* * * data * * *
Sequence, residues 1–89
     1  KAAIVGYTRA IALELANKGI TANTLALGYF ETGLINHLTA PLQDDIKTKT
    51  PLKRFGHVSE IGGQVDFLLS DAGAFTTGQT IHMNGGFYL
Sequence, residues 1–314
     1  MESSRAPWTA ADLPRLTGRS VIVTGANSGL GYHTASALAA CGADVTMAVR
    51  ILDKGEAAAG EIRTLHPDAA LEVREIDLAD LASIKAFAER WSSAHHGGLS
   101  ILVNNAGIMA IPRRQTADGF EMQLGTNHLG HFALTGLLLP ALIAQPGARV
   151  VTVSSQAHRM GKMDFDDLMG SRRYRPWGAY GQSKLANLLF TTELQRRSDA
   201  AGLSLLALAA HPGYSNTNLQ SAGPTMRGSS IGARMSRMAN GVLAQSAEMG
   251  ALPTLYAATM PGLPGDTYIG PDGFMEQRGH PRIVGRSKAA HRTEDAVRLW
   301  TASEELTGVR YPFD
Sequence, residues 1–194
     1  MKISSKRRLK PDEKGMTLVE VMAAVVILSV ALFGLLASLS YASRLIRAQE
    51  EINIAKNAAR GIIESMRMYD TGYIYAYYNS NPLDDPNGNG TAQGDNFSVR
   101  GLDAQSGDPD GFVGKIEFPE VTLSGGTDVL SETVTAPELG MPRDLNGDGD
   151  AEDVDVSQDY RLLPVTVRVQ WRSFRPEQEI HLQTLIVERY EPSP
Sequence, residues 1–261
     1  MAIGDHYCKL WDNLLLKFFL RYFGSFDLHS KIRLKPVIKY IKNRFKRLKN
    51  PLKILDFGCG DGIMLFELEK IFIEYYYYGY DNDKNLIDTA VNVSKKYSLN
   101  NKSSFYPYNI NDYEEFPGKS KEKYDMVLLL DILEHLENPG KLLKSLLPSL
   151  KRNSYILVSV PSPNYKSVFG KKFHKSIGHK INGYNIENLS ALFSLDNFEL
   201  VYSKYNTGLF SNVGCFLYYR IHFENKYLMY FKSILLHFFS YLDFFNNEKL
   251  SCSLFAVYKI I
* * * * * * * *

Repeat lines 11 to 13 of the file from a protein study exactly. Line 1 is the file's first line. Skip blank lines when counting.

   301  TASEELTGVR YPFD
Sequence, residues 1–194
     1  MKISSKRRLK PDEKGMTLVE VMAAVVILSV ALFGLLASLS YASRLIRAQE